Hey Everyone So right now I am at the IEEE Symposium on 3D User Interfaces in Singapore. We have a couple of publications which I’ll be posting over the next few days. First up is Adaptive Color Marker for SAR Environments. In a previous study we created interactive virtual control panels by projecting onto otherwise […]
So right now I am at the IEEE Symposium on 3D User Interfaces in Singapore. We have a couple of publications which I’ll be posting over the next few days. First up is Adaptive Color Marker for SAR Environments. In a previous study we created interactive virtual control panels by projecting onto otherwise blank designs. We used a simple orange marker to track the position of the user’s finger. However, in a SAR environment, this approach suffers from several problems:
The tracking system can’t track the marker if we project the same colour as the marker.
Projecting onto the marker changes it’s appearance, causing tracking to fail.
Users could not tell when they were pressing virtual controls, because their finger occluded the projection.
We address these problems with an active colour marker. We use a colour sensor to detect what is being projected onto the marker, and change the colour of the marker to an opposite colour, so that tracking continues to work. In addition, we can use the active marker as a form of visual feedback. For example, we can change the colour to indicate a virtual button press.
I’ve added the publication to my publications page, and here’s the video of the marker in action.
The Wearable Computer Lab has purchased 11 high performance computers featuring NVidia Quadro FX3800 Cards from Xenon Systems. These will be used to power the new specially designed Spatial Augmented Reality lab, created to support large scale augmented reality. Some details about the new lab can be found here.
Just a quick note to say the Wearable Computer Lab was featured in an article in the Adelaide Advertiser yesterday. Michael in particular got his face in the paper. The explores the possibilities of Augmented Reality in the near future. For more information, see the media page, or just read the article.
This weekend I presented my paper, Augmented Foam Sculpting for Capturing 3D Models, at the International symposium on 3D user interfaces. Since the conference has passed, I have added the video to youtube and the paper to my publications page. First, the video, then some discussion after the jump. Foam Sculpting The inspiration for this […]
This weekend I presented my paper, Augmented Foam Sculpting for Capturing 3D Models, at the International symposium on 3D user interfaces. Since the conference has passed, I have added the video to youtube and the paper to my publications page. First, the video, then some discussion after the jump.
The inspiration for this work came out of a project we did with some industrial design students. Their job was to create some input devices for my SAR Airbrushing system. First up, we had a meeting where I showed them a very early stages of development version of the system, to give them an idea of what we were doing. They went away and came up with ideas for input devices, and in the next meeting had a bunch of sketches ready. We discussed the sketches; what we liked and what we didn’t like. Next, they brought us foam mockups of some of the designs. We discussed these, and then eventually they came back with full CAD models ready for 3D printing. They did a great job by the way. But it got us thinking:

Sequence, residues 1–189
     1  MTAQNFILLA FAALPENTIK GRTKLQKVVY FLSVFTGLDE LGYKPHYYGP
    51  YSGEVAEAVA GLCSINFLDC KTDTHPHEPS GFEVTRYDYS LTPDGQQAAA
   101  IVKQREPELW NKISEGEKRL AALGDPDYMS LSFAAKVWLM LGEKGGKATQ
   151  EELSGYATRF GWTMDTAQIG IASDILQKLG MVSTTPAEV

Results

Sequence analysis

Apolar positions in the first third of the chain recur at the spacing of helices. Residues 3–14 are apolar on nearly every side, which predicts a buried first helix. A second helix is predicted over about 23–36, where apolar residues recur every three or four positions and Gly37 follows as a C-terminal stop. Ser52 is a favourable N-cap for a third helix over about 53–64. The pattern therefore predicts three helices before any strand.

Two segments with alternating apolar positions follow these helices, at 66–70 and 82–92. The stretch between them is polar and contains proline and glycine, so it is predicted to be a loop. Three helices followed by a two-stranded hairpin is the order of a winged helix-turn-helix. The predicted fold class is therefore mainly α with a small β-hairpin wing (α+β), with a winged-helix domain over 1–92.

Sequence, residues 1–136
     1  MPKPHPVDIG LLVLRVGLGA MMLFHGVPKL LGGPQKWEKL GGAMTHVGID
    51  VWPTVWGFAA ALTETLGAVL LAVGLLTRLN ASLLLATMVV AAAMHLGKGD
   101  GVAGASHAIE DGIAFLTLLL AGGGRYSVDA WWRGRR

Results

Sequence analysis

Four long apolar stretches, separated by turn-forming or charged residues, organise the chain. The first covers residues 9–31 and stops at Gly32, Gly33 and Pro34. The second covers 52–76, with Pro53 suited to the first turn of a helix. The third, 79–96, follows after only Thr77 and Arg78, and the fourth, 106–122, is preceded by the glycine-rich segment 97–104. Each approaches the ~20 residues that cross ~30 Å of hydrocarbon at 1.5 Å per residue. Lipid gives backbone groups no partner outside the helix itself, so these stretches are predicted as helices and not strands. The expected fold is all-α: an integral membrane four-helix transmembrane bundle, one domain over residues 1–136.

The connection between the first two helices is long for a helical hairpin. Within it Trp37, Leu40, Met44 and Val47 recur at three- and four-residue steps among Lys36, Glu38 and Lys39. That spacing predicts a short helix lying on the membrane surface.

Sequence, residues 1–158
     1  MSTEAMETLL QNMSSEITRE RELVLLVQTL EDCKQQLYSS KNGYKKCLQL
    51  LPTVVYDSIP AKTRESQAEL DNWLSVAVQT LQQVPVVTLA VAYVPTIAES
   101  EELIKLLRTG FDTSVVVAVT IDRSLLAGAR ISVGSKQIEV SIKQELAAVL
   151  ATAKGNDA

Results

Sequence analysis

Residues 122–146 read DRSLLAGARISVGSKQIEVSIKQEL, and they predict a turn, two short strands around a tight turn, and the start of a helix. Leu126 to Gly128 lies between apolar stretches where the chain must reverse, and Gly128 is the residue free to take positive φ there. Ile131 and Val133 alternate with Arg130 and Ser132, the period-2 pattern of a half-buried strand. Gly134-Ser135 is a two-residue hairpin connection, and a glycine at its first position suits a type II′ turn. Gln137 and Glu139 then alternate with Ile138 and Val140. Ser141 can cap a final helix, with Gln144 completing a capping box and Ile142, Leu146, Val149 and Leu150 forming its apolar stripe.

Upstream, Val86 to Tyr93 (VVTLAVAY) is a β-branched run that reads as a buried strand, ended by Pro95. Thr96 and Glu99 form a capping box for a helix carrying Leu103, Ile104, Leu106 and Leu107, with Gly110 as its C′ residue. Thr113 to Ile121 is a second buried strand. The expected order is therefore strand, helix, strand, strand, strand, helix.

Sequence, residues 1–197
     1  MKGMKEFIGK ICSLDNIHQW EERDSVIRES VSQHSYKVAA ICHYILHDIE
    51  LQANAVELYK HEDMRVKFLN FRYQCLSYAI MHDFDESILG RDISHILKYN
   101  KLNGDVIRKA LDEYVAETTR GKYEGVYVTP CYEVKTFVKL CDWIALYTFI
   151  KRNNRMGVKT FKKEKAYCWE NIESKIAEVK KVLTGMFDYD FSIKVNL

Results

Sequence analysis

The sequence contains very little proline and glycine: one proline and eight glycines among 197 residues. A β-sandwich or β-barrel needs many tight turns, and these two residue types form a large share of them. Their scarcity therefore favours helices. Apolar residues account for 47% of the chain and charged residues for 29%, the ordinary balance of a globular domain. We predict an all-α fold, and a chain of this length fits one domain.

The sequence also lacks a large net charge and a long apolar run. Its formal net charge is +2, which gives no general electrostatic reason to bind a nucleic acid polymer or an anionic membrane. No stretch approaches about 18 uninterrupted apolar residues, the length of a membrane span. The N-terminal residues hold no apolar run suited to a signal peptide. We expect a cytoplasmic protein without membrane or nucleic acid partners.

How can we make this process better?
Augmented Foam Sculpting is the result of this work. It allows a designer/artist to simultaneously create a physical design mockup and matching virtual model. This is a Good Thing™, because it utilises the skills and tools that designers are already using.
The system works by tracking the position and orientation of both the hot wire foam cutter, and the piece of foam the user is sculpting. We can track the motion of the hot wire as it passes through the foam. From there, we can create geometry that matches the cut path, and perform a Boolean difference operation on the foam geometry, to replicate the cut in the virtual model (Before any of you “Booleans are evil” people get to me, I’d like to point out I’m only dealing with, and creating, triangle meshes. There are no 11 sided polygons here).
Using projectors, we can add extra information to the foam as the user sculpts. We implemented 2 visualisations to aid designers when creating specific models. Cut Animation displays cuts to be made as animated lines on the foam surface. Once a cut has been made, the system moves to the next one. This visualisation could be used to recreate a previous object, or to instruct novices. An algorithm could be developed to calculate the actual cuts that need to be made, reducing the amount of planning needed when making an object.
The second visualisation, Target, projects a target model so that it appears to be inside the foam. The foam is coloured based on how much needs to be removed to match a target model. This could be used to create variations on a previous model.
Finally, we can use 3D procedural textures to change the appearance of the foam. For example, we implemented a wood grain 3D texture. This works pretty well, because as you cut away the foam, the texture updates to appear as though the wood was actually cut. 3D textures are also ideal because we don’t need to generate texture coordinates after each cut.
For all the details, please have a read of the paper. If you have any questions/comments/feedback/abuse, please comment on this post, or send me an email.